design methodologies of three-dimensional integrated circuits (3D ICs)

Open Access
Zou, Qiaosha
Graduate Program:
Computer Science and Engineering
Doctor of Philosophy
Document Type:
Date of Defense:
March 02, 2015
Committee Members:
  • Yuan Xie, Mary Jane Irwin, Dissertation Advisor
  • Yuan Xie, Committee Chair
  • Mary Jane Irwin, Committee Chair
  • Vijaykrishnan Narayanan, Committee Member
  • Donghai Wang, Committee Member
  • Integrated circuits
  • design methodologies
  • three-dimensional circuits
  • cost-aware designs
  • reliability-aware designs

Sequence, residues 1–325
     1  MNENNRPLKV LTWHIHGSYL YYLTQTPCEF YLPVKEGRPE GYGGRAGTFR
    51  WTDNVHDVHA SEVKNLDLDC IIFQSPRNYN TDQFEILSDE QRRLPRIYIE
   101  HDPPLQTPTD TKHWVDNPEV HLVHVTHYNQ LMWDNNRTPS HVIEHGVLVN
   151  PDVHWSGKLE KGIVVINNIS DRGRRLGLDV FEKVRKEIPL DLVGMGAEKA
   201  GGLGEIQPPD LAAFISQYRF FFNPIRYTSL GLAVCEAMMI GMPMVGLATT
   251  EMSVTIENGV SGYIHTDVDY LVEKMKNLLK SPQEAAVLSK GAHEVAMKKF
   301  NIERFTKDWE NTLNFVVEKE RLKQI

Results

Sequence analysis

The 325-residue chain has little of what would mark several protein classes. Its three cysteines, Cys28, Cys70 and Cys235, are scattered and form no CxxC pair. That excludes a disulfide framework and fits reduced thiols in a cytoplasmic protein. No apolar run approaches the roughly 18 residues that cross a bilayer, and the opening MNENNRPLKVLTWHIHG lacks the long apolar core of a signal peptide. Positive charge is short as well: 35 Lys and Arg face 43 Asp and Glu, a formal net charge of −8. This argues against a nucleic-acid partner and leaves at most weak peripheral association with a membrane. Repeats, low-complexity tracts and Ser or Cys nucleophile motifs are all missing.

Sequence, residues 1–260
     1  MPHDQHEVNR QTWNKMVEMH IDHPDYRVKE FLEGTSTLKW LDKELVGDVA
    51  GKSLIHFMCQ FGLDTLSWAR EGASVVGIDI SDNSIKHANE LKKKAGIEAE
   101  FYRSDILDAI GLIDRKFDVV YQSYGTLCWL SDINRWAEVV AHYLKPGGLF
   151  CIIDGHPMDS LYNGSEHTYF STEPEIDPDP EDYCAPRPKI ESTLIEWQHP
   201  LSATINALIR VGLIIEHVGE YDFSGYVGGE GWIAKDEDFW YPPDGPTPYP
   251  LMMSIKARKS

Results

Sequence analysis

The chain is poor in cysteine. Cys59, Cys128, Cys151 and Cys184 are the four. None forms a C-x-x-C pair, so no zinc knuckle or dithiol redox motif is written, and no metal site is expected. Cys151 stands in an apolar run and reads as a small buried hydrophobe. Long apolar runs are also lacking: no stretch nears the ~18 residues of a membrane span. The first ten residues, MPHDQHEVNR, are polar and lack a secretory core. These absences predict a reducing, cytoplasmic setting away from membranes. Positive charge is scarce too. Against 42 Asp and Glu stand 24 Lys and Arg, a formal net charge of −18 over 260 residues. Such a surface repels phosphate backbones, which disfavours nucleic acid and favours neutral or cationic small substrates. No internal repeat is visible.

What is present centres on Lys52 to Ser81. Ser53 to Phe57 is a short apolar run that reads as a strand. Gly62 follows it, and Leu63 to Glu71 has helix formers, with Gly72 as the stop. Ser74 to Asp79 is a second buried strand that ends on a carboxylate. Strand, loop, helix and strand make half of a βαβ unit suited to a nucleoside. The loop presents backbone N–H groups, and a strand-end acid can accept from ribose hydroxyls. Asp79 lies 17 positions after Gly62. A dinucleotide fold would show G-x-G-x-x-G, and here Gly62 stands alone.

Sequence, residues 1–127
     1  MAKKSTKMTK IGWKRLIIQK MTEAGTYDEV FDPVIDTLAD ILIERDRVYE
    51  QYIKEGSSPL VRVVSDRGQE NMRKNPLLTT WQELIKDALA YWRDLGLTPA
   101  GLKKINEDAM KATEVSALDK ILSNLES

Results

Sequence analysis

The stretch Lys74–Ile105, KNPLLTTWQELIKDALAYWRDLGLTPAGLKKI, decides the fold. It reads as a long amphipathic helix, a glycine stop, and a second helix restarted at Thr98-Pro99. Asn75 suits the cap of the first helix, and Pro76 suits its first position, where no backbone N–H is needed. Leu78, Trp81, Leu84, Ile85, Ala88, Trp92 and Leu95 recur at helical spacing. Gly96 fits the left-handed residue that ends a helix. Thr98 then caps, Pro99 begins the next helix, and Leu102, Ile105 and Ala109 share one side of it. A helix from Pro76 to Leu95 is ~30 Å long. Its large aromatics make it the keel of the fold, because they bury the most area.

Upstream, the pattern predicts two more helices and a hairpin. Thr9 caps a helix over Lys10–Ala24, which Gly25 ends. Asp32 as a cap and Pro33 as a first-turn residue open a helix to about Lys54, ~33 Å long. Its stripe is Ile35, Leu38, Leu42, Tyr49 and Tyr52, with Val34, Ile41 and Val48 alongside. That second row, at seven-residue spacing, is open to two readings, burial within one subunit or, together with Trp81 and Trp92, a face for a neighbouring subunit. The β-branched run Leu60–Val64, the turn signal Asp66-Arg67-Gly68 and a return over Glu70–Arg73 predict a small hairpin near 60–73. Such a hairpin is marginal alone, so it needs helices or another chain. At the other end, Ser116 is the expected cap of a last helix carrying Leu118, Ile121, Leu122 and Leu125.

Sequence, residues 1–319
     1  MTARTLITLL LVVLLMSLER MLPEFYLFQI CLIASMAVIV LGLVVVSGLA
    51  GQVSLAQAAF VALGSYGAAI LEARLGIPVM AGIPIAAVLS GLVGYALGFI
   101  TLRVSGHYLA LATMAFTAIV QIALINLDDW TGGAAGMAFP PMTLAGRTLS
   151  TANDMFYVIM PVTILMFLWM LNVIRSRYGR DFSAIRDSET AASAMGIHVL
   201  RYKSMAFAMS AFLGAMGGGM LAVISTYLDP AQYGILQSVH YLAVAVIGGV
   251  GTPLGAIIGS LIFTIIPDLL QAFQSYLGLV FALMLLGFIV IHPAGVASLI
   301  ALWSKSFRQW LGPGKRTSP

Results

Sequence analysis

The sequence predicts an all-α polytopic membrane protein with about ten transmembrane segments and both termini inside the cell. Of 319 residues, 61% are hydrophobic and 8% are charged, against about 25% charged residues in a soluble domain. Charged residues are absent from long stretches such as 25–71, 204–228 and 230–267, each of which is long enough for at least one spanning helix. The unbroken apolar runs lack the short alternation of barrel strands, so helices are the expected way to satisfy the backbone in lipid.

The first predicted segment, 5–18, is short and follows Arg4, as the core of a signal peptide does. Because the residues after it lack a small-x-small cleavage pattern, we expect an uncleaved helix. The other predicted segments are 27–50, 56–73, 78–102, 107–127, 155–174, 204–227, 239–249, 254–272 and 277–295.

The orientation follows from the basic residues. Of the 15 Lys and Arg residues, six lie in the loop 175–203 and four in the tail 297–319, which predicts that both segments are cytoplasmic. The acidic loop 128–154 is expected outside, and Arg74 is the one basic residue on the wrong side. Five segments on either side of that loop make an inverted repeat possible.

The continuous technology scaling results in the growing delay gap between transistors and interconnects because of the significant increase inparasitics. Moreover, the increased integration density and design complexity exacerbate the interconnect issue from both the rising routing requirements and the prolong wirelength. Recently, the emerging three-dimensional integrated circuits (3D ICs) have been studied intensively as one potential solution towards the future high performance and energy efficient computing systems. Different from previous system-in-package (SiP) designs that stack multiple chips and use wires or bumps for connections, the emerging 3D integration provides finer granularity integration thanks to the vertical interconnects inside chips. In general, 3D ICs provide numerous advantages over traditional 2D IC designs, such as smaller footprint, high bandwidth and short latency interconnects, and the capability of heterogeneous stacking. Nevertheless, there are several challenges in 3D ICs that need to be solved before this technology is applied in commercial designs with high volume production, such as higher fabrication cost, compromised system reliability, the lack of mature electrical design automation tools, the elevated chip operation temperature, and the insufficient understanding on chip testings. The relatively complicate fabrication process implicates higher cost of 3D ICs compared to 2D counterparts. As the cost is the primary driving force for the new technology adoption, reducing the system cost becomes the one of the primary concerns in 3D designs. On the other hand, the success of this emerging technology should be guaranteed by its functionality correctness. However, a few factors influence the 3D reliability: fabrication limitations, thermal mechanical stresses, interconnect electrical failures, degraded signal integrity, and IR droop in power networks. As a result, these factors should be considered and properly addressed in 3D designs to ensure the chip reliability. This dissertation proposes novel design methodologies to optimize 3D designs emphasizing the challenges of cost and reliability. In the first part, a cost model is adapted and applied in our analysis framework to evaluate the 3D system cost. Then cost-aware design methods are proposed to reduce the cost from fabrication level to chip design level. The second part of this dissertation handles the chip reliability problems. Three studies are introduced from diverse aspects to manage the interconnect electromigration, thermal mechanical stresses, and the signal integrity issues.